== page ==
Part 3 moves on to strategic planning. Four chapters cover: a planning model, project management, communicating change, and measurement. While much of this content is included in the third edition, what’s novel here is the introduction to project management (PM). The focus on PM methodology is especially useful to the reader who’s unfamiliar with the discipline and the specialised language of business projects, widely accepted as fundamental to successful change management.
Part 4 is a fairly weighty segment starting with medium theory (channels and content) through to selected communication and psychological theories, of relevance to IC. In discussing channel usage, Ruck draws widely on research, including his own findings, concerning employee preferences. If contemporary employees find email and team meetings most helpful, then the predicted shift to ‘impersonal’ digital channels (p. 141), including virtual meetings and wearable technology, challenges the reader to think seriously about the interplay between medium and message. The need for many office workers to work remotely during the current coronavirus pandemic, may well accelerate that communication shift.
An overview of communication and psychological theories largely draws on the persuasion literature on attitudes and behaviour, as well as framing and nudge theories. This chapter is more of a toolkit for thinking about IC in different ways, than application. However, a surprising omission is employee motivation and theories that offer insights into the factors that drive human effort, considered as important to shaping the internal message.
The remaining two chapters on storytelling, and language and tone, focus on the message itself. The compelling argument for storytelling in organisations is that people remember stories and their emotional content rather than data and facts: the author of this section makes the case for devising strong narratives that engage employees in an organisation’s vision. A more critical approach to this topic – e.g. when do ‘stories’ become management propaganda? – would have balanced the author’s clear mission to do away with management ‘jargon and buzzwords’ (p. 163). The final chapter on language and tone is based on a set of principles: the ‘six keys to effective communication’. Although this chapter comprises many bullet points which hinder the flow somewhat, these principles will already be familiar to communication practitioners, and should prove useful to the novice reader.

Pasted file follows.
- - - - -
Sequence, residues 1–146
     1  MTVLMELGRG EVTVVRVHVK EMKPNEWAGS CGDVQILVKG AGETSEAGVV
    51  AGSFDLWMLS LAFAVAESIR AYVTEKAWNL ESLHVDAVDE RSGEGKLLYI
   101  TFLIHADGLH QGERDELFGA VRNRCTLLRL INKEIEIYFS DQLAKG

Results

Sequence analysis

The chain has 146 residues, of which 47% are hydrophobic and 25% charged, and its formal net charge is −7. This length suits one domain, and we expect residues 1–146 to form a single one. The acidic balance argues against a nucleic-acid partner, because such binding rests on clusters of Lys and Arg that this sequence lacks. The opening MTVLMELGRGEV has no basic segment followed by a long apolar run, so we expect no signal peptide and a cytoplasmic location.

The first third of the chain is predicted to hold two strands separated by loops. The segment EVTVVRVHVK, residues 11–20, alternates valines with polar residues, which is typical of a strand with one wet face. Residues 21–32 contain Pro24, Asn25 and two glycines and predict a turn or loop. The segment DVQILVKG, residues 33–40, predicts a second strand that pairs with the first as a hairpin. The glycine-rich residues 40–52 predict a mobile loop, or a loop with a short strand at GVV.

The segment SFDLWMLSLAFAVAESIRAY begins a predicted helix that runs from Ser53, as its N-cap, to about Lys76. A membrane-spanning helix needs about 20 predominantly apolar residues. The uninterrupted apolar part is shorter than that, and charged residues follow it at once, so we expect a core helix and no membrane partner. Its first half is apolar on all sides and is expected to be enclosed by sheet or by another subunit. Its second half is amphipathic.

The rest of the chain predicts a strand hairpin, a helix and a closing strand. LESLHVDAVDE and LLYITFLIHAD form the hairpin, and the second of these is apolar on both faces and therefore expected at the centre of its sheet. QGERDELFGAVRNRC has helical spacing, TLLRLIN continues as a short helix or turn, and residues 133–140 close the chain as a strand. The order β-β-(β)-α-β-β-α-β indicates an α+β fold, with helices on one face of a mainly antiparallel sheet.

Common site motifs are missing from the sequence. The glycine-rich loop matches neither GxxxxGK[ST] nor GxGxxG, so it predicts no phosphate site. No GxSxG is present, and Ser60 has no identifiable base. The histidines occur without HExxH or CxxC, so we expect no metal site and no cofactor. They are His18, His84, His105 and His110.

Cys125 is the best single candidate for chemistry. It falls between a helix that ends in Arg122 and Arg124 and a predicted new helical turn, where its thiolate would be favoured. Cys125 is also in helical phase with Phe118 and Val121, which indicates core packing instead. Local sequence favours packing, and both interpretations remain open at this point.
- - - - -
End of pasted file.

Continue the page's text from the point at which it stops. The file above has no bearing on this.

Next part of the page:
Part 5, the final portion of the book, deals with the digital workplace. The three chapters covering internal digital platforms, social technology, and automation and artificial intelligence (AI), demonstrate how IC is being reinvented and what it might look like in the future, albeit speculatively and based on ‘research into other functions’ (p. 211). Nevertheless, it’s a space to watch for future editions. Ruck has championed the digital IC workplace from earlier editions and it is clear from the chapters in this part of the book that he regards digital tools as potentially emancipatory in facilitating employee voice. Some might regard this view as utopian in an era where technology-enabled employee monitoring poses a threat to privacy rights. As Madsen and Verhoeven (2016) found in study of a Danish bank, workers weighed up the perceived risks of expressing themselves freely on internal social media and self-censorship strategies included posting only positive content. Given Ruck’s concern with ‘employee-centric’ communication, the issue of trust and IC’s ethical role is therefore a crucially important discussion in the AI chapter.
Overall, Ruck’s contribution to the IC literature is impressive. Much of the book is based on original, detailed research findings, analyses and conceptual work, supported by diagrams, tables, case studies and reflective questions.
A team of co-authors complement Ruck’s solo efforts, creating a good mix of academic and practice-orientated chapters. As I’ve already indicated, I would like to have seen a firmer editorial hand in some chapters. But despite some unevenness, the book’s subtitle: ‘towards informed employee voice’ has a clear purpose and is an authoritative source that will appeal to a wide readership.